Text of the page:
Stories They Tell September 10 2015

This fall... we are exploring the idea "Layers of time" at Baum-kuchen. The concept is fitting to Baum-kuchen in so many ways since we are constantly refining our collection with artifacts that are meant to grow with us over time. We  are also trying to be mindful about how powerful "time" can be in our everyday. 

I am thrilled to share the first "Layers of time" story written by Angie. About her journey. I know her previous video about her father has brought a lot of big feelings to our Baum-kuchen friends near and far. I admire her for continuing her journey even small step at a time. And I appreciate her for sharing her voice.

xo
-wakako

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Stories They Tell by Angie Park

Every piece of clothing tells a story. They have feelings and they remind you of a past memory. After the functionality becomes old and run down, what’s left is an artifact and a history of a full life led.
It’s easy to walk into a second-hand store and think of the history packed inside the small square-footage. I particularly love finding old shirts with thoughtfully embroidered names— it makes me feel connected to its prior owner. It feels good to own something that’s been loved and cherished in its first life. I am often reminded of “boro,” a Japanese term that describes patched and mended fabrics. Boro textiles are sewn from old rags and patches made of indigo dyed cotton. They’re beautifully layered in unplanned arrangements with detailed stitches that make each garment unique and personal. 

 

Source: BoisBuchet exhibit called "Boro: Fabric of Life"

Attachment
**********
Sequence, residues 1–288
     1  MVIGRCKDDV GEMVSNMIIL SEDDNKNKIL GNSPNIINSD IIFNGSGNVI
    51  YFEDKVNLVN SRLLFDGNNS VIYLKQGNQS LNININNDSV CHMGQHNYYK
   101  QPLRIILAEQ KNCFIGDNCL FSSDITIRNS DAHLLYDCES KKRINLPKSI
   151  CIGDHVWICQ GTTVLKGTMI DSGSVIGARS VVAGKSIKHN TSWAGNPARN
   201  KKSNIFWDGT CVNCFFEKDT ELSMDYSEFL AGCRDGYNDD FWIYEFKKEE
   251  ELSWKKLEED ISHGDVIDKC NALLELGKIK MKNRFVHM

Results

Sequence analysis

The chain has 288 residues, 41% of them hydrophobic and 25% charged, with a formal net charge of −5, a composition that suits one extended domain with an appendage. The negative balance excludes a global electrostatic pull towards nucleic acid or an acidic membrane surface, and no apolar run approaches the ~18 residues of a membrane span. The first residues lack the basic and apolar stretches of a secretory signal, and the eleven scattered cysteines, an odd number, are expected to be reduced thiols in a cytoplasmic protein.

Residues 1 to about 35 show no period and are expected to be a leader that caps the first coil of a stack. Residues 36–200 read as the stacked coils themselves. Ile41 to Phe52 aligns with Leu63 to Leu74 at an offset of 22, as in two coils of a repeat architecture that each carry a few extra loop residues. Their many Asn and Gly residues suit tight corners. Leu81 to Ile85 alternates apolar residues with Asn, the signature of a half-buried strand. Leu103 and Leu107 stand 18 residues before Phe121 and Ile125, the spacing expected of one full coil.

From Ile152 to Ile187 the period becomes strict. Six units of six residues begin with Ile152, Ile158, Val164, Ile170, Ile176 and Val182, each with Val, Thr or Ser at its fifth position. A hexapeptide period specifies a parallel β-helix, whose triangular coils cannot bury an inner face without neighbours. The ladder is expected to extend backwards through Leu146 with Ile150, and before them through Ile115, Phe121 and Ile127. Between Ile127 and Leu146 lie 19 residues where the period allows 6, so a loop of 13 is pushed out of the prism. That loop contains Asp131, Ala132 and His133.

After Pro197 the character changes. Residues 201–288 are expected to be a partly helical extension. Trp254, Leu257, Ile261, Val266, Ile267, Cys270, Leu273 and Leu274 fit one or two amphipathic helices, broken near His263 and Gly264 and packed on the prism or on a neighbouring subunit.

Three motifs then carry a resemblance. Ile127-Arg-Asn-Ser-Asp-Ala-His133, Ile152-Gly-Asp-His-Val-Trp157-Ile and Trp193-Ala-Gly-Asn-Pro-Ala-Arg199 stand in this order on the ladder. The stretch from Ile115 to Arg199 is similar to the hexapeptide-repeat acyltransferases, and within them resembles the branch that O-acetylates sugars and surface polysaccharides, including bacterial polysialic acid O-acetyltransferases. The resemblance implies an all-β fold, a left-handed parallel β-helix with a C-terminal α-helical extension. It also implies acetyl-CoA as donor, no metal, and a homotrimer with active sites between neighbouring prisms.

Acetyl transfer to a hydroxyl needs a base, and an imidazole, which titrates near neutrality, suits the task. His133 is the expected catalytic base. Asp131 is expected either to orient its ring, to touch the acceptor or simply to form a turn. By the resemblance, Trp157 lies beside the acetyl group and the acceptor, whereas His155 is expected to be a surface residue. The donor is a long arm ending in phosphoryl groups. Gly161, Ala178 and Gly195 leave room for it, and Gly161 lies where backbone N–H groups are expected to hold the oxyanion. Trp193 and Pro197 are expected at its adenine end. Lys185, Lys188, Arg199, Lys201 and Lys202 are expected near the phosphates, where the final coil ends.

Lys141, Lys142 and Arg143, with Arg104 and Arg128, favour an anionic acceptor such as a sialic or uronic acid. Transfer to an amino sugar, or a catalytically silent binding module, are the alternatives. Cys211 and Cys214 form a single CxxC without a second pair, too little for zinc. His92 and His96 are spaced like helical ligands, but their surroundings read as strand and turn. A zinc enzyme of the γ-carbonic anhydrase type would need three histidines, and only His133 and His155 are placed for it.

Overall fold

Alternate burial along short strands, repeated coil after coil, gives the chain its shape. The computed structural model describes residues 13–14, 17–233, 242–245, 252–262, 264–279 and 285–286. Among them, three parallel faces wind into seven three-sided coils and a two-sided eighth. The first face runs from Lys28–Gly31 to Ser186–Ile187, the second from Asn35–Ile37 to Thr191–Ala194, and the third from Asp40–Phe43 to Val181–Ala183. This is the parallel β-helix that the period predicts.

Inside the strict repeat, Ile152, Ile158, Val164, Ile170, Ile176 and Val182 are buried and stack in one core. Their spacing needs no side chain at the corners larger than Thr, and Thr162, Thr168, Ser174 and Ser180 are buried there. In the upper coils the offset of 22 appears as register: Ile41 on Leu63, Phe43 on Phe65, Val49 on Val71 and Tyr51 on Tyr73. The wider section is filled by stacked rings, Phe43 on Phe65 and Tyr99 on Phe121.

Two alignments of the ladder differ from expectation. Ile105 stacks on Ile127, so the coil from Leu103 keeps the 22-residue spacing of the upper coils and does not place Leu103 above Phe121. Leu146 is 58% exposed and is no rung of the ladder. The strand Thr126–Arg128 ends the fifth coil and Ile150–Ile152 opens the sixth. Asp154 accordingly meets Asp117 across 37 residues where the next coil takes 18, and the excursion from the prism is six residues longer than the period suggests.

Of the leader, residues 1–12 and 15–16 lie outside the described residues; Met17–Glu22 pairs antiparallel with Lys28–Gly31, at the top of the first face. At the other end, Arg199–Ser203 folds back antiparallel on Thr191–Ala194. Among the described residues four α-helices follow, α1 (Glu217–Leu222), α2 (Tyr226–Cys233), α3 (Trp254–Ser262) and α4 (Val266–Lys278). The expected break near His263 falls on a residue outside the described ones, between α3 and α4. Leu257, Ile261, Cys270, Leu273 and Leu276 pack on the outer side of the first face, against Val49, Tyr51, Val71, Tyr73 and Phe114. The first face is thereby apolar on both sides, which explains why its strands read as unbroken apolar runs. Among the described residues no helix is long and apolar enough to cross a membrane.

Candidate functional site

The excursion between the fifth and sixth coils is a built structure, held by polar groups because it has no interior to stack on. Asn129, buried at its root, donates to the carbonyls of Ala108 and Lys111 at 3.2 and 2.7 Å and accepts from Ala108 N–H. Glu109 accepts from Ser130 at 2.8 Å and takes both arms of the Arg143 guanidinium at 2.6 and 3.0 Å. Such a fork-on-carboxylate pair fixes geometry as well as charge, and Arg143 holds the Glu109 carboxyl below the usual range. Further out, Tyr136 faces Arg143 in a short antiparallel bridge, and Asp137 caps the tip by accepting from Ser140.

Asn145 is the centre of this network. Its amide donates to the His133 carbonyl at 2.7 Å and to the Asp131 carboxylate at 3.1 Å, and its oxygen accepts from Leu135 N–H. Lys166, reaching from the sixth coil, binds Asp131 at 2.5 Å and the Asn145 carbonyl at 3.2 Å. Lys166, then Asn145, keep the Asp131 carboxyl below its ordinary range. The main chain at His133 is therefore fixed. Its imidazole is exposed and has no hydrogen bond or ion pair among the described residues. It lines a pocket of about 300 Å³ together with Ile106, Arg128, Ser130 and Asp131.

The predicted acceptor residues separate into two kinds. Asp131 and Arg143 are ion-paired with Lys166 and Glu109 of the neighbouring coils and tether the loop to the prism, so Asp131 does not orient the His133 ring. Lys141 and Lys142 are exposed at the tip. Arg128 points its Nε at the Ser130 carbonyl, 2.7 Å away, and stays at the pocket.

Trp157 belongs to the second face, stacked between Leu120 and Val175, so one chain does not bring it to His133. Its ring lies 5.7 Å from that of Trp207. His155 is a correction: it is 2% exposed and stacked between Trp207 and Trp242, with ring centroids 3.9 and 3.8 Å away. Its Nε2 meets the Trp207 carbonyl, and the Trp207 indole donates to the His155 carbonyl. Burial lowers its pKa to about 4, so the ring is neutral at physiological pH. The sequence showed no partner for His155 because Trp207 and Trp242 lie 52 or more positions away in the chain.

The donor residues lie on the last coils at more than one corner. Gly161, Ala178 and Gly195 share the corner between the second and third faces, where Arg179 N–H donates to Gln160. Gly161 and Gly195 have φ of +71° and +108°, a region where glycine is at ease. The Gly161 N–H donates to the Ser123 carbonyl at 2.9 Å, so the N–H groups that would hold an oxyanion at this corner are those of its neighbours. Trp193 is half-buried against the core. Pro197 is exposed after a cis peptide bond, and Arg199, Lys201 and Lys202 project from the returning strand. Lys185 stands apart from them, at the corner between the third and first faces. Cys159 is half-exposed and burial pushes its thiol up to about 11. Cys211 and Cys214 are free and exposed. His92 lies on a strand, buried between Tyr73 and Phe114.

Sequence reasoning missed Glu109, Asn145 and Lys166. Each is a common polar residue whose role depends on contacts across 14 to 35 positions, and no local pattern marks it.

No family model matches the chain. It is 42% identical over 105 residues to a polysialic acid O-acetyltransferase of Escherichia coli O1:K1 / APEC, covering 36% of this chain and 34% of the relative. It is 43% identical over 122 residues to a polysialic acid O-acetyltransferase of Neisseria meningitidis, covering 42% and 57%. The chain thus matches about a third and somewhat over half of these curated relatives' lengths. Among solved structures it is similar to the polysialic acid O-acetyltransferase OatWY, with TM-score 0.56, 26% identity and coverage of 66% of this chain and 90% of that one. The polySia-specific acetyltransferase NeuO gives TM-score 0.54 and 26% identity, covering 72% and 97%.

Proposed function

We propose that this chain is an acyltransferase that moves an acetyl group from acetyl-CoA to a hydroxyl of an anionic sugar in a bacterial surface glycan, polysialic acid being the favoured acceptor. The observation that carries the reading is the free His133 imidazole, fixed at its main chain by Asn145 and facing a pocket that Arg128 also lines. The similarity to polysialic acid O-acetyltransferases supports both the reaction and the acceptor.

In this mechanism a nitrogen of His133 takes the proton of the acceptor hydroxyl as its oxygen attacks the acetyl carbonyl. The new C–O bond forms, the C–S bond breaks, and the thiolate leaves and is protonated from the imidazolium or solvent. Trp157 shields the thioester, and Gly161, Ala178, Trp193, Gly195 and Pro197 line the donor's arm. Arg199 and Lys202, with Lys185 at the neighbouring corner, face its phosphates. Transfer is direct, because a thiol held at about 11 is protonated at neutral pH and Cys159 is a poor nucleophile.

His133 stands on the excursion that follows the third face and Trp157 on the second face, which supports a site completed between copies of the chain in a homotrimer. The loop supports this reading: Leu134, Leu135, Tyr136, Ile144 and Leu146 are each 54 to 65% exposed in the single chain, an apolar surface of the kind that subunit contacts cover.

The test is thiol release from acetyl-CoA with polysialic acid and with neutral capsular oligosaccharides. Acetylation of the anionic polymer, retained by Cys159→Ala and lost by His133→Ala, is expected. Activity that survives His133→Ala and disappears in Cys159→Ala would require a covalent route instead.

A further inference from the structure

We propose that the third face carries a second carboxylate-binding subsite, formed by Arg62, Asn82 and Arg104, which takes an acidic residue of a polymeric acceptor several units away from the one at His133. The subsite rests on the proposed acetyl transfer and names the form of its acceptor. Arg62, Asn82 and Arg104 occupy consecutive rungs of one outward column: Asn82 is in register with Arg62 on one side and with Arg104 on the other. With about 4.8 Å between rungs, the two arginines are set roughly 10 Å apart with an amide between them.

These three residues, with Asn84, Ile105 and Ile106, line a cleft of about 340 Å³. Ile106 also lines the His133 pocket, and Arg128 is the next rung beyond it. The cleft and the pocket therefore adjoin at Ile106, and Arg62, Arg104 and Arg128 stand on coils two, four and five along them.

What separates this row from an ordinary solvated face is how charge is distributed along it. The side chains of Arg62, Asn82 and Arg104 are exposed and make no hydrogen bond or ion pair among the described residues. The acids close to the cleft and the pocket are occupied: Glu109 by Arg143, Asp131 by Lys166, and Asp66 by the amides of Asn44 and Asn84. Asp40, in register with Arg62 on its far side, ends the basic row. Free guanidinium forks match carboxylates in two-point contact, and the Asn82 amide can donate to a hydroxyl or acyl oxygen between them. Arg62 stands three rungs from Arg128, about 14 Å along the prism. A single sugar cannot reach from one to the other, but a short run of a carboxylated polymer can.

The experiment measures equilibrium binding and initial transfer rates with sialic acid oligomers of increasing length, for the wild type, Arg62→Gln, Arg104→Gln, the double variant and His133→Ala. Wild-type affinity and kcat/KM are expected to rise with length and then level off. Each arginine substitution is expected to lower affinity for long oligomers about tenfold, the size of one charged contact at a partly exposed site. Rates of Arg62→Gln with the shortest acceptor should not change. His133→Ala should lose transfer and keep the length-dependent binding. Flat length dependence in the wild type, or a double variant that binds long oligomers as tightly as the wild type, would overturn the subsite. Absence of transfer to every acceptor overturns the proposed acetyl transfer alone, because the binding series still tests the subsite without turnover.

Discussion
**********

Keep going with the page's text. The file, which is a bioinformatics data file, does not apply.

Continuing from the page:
This is a photo from a beautiful book named "Book of Boro"

 

Today, boro textiles are a reminder of rural Japan in the early 19th and  20th century (before the shift to urbanization) when times were tough, and farmers did their best to preserve what they owned. There’s something beautiful about “repair.” The way an old garment can turn into something new—the exterior might change in bits and pieces, but the soul of the artifact is unmovable. 

 

(Source: MarrowMag, photographs by Ryan Fish)
After the passing of my dad, our family was left with all his treasured artifacts and clothing (he never threw anything away). He was very particular about his clothes. He was particular about the fit, the color, the quality and the material. Although it wasn’t obvious to an outsider, he chose everything he owned with extreme fastidiousness. He loved shades of navy blue and gray, and had his jeans seamed to perfection by the same Korean tailor for the last 20 years.  All these remnants are hard to keep but even harder to let go.  

 




Angie and one of her Dad's old and well-worned pair of jeans


As the months passed by, my family and I slowly (and painfully) began to sort out bags of his garments to be sent to charity. This isn’t an easy process (for many, many reasons). Everything felt overwhelming and overly sentimental. I couldn’t let them go. It was hard. The bags sat in the corner of my workroom. Just waiting.  For something.

 

 
Not too long ago, I sat looking at “the bags.” Once in awhile, I like to open them up to see if his scent is still embedded in there.  No one really talks about a scent of a person. But you don't realize its significance till it disappears. It is fleeting. You can’t capture scent— it breathes through you as you “live”. Sometimes you forget about the smell till the scent flutters by and suddenly, you’re thrown back into a memory that you thought you’d lost somewhere along the way. Smell is powerful and conjures up both good and bad memories of all different kinds.